Healthy Foods to Fill You Up
True hunger is usually felt first in the stomach – as blood sugar drops, the body releases hormones that stimulate the stomach to contract, and you get hunger pangs. But some people confuse hunger with wanting to eat – which is actually appetite, not hunger. To help learn the difference, let a moderate amount of hunger to set in – to really recognise the body’s signals that say “time to eat” – and put the fork down when you feel comfortable – not stuffed.
It helps to incorporate healthier, filling foods along the way.
Berries– High-fibre foods take time to digest, which gives them staying power. And while all whole fruits provide some fibre, berries are some of the highest fibre fruits around. One cup of raspberries has a whopping 8 grams of fibre – twice what you’d get in an apple – for only about 65 calories. Frozen berries are always available, and they’re convenient add-ins to protein shakes – you can also thaw them slightly and use to top yogurt or cottage cheese for a filling meal or snack.
Broccoli- Vegetables are high on the list of filling foods because they're full of fibre and water – so they fill you up, not out. Broccoli is one of the highest fibre vegetables - one cup of chopped cooked broccoli has 6 grams of hunger-busting fibre. And loading up your plate with cooked broccoli will only cost you about 30 calories per cup.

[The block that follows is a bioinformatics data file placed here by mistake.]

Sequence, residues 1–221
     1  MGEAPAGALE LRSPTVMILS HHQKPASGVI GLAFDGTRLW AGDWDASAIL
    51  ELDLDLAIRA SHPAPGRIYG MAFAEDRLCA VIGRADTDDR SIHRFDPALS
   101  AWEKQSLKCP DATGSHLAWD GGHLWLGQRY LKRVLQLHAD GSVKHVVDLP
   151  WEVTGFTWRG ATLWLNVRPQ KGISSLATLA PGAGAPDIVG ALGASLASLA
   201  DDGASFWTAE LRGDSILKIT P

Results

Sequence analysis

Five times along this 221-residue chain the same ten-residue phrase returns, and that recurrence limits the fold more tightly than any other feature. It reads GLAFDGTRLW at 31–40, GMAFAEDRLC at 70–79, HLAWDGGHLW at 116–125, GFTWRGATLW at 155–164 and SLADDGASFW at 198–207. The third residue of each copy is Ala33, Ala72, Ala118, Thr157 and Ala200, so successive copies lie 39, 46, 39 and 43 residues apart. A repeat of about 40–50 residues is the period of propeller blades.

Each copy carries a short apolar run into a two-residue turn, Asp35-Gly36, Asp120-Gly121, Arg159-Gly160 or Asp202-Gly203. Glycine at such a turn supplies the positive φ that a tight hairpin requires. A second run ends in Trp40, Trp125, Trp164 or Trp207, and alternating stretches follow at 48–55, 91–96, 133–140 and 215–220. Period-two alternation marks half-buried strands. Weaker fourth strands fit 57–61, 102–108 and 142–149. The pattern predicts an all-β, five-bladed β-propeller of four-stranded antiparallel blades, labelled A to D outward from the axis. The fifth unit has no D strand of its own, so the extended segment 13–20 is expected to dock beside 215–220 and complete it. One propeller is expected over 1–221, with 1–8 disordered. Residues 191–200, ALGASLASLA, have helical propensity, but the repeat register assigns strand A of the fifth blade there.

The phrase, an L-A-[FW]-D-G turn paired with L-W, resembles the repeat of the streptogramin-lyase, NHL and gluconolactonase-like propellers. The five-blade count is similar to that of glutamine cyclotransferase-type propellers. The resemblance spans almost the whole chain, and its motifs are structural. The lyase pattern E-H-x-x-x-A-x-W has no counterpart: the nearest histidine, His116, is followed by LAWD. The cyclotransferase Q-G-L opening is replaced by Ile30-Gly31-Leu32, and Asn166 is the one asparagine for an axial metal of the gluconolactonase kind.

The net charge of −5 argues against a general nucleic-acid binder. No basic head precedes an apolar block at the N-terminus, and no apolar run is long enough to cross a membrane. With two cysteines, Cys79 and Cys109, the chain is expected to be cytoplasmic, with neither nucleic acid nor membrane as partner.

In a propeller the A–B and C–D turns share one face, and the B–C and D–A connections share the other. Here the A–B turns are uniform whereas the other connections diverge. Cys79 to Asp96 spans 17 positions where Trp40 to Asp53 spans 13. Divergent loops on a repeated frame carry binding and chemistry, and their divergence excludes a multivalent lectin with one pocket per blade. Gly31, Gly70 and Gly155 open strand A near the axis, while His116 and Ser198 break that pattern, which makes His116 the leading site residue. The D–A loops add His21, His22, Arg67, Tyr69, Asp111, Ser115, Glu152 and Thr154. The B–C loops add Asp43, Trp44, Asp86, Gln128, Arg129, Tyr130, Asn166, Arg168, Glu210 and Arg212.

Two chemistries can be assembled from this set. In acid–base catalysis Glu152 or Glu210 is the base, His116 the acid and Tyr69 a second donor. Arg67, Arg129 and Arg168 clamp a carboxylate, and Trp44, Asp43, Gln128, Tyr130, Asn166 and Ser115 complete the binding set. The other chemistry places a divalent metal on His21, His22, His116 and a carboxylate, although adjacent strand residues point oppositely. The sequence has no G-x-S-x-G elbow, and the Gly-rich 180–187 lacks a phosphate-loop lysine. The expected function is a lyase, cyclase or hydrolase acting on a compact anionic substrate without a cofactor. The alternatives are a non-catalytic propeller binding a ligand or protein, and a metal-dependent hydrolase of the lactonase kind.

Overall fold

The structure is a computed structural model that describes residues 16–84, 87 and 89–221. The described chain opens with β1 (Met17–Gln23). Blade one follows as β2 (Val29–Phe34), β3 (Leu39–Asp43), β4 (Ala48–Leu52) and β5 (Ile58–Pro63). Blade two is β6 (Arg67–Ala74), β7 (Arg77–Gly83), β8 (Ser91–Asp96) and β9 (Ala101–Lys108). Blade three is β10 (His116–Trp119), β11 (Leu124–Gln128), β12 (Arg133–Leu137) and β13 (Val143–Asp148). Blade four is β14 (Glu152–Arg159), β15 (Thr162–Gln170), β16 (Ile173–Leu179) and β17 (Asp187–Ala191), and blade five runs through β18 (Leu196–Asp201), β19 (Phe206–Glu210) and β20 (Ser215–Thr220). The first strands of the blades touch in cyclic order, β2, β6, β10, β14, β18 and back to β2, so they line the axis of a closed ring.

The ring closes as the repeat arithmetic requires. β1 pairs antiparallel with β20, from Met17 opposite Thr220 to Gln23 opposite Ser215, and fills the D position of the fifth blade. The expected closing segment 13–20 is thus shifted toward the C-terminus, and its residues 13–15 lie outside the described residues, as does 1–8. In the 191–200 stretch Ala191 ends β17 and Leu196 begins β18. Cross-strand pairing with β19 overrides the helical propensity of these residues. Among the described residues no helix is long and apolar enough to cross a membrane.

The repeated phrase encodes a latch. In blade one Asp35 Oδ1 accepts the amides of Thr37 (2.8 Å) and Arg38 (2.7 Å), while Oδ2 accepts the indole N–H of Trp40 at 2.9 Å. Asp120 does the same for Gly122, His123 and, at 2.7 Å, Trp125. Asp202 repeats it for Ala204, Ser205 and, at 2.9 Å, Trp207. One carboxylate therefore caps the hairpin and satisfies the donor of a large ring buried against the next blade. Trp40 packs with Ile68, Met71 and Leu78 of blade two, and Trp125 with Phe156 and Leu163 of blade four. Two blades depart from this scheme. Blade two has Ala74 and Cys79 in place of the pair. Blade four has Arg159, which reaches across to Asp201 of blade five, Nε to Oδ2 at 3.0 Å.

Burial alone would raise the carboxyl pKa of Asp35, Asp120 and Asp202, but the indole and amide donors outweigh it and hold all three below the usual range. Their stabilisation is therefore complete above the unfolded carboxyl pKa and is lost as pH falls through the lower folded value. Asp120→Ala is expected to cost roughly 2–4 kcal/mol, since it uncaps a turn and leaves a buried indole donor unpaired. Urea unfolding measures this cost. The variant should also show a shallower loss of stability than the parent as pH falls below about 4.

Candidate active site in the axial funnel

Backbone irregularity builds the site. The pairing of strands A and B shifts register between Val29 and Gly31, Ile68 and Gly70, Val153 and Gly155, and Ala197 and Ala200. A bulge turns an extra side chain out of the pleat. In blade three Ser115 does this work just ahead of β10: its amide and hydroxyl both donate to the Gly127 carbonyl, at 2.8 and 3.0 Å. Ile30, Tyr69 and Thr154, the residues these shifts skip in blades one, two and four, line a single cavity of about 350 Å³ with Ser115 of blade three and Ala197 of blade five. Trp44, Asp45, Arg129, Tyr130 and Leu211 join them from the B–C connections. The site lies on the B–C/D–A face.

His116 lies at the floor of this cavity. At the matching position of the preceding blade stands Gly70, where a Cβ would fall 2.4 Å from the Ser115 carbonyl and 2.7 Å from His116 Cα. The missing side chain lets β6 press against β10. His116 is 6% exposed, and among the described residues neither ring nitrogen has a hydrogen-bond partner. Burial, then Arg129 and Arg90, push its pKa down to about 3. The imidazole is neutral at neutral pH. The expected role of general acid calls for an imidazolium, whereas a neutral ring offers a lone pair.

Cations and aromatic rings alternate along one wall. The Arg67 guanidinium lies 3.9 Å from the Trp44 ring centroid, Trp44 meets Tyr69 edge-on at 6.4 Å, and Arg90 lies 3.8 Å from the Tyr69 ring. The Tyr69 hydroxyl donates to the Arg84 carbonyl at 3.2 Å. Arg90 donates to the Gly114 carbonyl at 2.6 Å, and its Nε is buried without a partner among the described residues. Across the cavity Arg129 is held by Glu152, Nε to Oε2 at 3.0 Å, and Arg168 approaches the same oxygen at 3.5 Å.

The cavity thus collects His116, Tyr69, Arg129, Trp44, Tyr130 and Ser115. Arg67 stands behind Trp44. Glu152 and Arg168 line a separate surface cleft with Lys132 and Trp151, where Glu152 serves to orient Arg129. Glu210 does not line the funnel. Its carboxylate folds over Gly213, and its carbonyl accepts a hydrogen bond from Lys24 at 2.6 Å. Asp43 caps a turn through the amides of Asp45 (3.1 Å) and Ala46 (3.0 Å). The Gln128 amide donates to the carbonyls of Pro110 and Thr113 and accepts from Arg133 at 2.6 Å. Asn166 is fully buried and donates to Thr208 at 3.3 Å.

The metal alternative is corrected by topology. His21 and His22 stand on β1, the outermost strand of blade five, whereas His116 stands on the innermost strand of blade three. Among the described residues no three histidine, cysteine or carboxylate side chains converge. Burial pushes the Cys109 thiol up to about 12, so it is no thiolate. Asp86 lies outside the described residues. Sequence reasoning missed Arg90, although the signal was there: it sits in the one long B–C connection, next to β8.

High Fibre cereals– You can get a good amount of fibre from most whole grains – and they hold more water than ‘drier’ grain foods like crackers, so they’re more filling.
Quinoa- Quinoa stands out because it also has more protein than most grains – about 8 grams per cup. And, unlike barley and brown rice that require long cooking times, quinoa is ready in about 15 minutes. Try it as a side dish, or as the base for a main-dish salad with chopped veg and grilled chicken added.
Vegetable soup– Vegetable soup can be low in calories (provided you don’t add cream or oil), and since it contains so much water, it’s can be very satisfying. Starting a meal with a cup or bowl of broth-based soup often means you’ll be satisfied with a smaller portion of your main meal. A cup of vegetable soup makes a great afternoon snack, too.
Written by Susan Bowerman, MS, RD, CSSD. Susan is a paid consultant for Herbalife